Tuesday, February 17, 2004


Ken Rosenthal delivers one of the more scathing columns I can remember, pulling no punches in his assesment of A-Rod post-trade.

Ken doesn't get as much play in the baseball blog universe as guys like Peter Gammons and Rob Neyer or even Tom Verducci, but very few other national baseball writers are willing to throw it down like he does. I like to think of him as the Dr. Phil of baseball writers.


Remember when I called Aaron Boone's injury a blessing? I basically said it might force the Yankees to finally start thinking about different options that should have been apparent to them long ago. (I'm willing to believe Cashman had already contemplated these things long ago, but that it'd force Big Stein to actually listen to what Cashman has to say. Reading Gammons, however, I'm glad to see Cashman at least tried to get Pujols. So I take that part back.)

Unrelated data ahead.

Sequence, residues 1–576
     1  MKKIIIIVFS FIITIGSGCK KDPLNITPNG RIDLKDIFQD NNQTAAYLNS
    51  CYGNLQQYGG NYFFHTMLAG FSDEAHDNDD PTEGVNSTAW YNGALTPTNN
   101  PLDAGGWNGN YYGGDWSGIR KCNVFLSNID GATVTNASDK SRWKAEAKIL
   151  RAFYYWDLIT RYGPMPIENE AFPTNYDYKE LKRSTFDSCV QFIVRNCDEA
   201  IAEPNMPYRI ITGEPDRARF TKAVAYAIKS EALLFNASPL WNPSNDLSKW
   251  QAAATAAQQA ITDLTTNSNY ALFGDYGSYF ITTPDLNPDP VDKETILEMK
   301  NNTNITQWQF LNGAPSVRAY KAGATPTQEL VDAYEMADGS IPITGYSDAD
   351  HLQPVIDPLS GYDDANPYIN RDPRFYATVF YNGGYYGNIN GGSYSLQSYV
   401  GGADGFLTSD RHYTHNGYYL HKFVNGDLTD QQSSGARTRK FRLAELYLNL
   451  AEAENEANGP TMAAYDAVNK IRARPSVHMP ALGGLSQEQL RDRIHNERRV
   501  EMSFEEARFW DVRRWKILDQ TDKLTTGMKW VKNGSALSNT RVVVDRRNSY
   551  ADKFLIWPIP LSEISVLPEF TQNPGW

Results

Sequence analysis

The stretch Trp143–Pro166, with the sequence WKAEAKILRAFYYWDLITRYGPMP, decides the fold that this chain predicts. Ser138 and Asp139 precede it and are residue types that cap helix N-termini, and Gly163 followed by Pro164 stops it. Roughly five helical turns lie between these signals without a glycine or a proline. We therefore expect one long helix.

Now, I was talking about that maybe they'd finally realise that Jeter would do less harm at 3B than SS, but acquiring A-Rod is an example of a similar kind of lateral thinking. Because as great as this deal is right now for Yankeeland, acquiring A-Rod months ago, in the immediate aftermath of the Red Sox negotiations or even beforehand, would have made even more sense.

I mean, why didn't they just trade Soriano for A-Rod back in December, and move a still healthy Boone to 2B? Hell, Boone might have gone on to injure his knee anyways (or maybe not), but now, as Neyer points out, the Yankees are left shopping for a replacement All-Star 2B.

I don't see Vidro in pinstripes, however. Not at least until July.

Regardless of who plays 2B, who wants to put money on the 2004 Yankees becoming the 8th team in history to top 1,000 runs?

Who wants to bet they'll top their own 73 year-old record of 1,067 runs?

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